Royal Wedding (1951)

royalwedding1The Wedding of Queen Elizabeth and Prince Phillip was a once in a lifetime experience. They’re still together to this day and yet when they got married she was not even queen yet. It’s hard to believe. It’s only fitting that a momentous occasion like that would get a film, and Stanley Donen‘s musical is a bouncy little dance fest that uses the wedding as its backdrop, hence the title.

The story follows the brother-sister dance team extraordinaire of Tom (Fred Astaire) and Ellen Bowden (Jane Powell), who after a smashing opening weekend of their show Every Night on Sunday, get a call to perform in London in the wake of the big occasion. So they get aboard the first ocean liner available and head abroad. Tom is more interested in work than love, and Ellen leaves behind a string of beaus behind, but none of them meant much to her. She finds a budding romance with Lord Brindale (Peter Lawford), and it looks like it might actually amount to something. Quite by chance, Tom finds out a woman he meets on the street happens to be part of their production, the dancer Anne Ashmond (none other than Winston Churchill’s daughter Sarah). So of course, we have these two budding romances forming as the show gets into high gear and siblings must balance their obligations with love. It’s not always easy or without heartache, but it ends up just as glorious as the Royal Wedding.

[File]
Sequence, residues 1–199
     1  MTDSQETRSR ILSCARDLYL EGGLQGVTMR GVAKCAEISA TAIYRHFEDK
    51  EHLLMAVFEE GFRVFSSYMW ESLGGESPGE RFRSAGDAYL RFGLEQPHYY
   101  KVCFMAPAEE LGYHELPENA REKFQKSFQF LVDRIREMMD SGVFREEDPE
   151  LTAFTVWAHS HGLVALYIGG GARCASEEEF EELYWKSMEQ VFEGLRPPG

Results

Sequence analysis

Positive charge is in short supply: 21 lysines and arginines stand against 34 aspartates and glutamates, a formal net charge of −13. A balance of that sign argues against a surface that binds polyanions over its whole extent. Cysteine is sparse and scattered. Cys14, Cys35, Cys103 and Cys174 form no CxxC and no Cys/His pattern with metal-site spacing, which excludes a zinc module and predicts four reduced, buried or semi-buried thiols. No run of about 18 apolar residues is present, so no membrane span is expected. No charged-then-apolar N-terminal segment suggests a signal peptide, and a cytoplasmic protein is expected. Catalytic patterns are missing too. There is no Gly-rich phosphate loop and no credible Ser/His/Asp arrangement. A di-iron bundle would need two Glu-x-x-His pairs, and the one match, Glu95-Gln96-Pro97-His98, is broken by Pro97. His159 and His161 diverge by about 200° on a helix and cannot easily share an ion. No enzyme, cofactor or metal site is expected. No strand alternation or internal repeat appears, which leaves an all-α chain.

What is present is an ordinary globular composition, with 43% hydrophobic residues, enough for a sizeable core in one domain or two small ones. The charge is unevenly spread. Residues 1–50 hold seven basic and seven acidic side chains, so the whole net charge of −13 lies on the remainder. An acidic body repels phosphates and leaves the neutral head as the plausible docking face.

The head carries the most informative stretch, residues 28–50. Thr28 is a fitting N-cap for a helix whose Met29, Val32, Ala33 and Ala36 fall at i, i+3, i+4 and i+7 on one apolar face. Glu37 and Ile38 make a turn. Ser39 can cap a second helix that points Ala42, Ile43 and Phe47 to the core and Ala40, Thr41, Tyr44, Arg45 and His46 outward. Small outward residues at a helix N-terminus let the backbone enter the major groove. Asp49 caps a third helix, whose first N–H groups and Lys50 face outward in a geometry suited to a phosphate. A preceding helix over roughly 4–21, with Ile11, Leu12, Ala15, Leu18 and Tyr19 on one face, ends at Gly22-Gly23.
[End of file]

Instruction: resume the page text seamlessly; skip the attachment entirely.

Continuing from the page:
Fred Astaire is an ageless wonder looking as spry as he ever did, and his individual numbers are probably the film’s best. His coat rack dance in the gym seemingly pays homage to his friend Gene Kelly and shows his brilliance at breathing life and vitality into inanimate objects. They become his partners in the dance. His inspiration for expression.

royalwedding2Furthermore, his dance on the ceiling looks as remarkable now and feels just as magical as it probably was back then. It’s a marvel because we look for any sign of a trick, but everything looks so fluid. Thus, it’s so easy to quickly forget the technical aspect and simply be blown away by the inventiveness of Astaire.

Jane Powell is a wonderfully bright young beauty and a lovely co-star for Astaire in both song and dance. It was refreshing not to have them playing romantic leads opposite one another and the brother-sister dynamic fittingly mirrored Astaire’s own longtime real-life partnership with his sister Adele. All in all, it’s a light and elegant bit of fun that’s an exuberant delight. It does what it sets out to do and that’s about all you can ask for.

3.5/5 Stars

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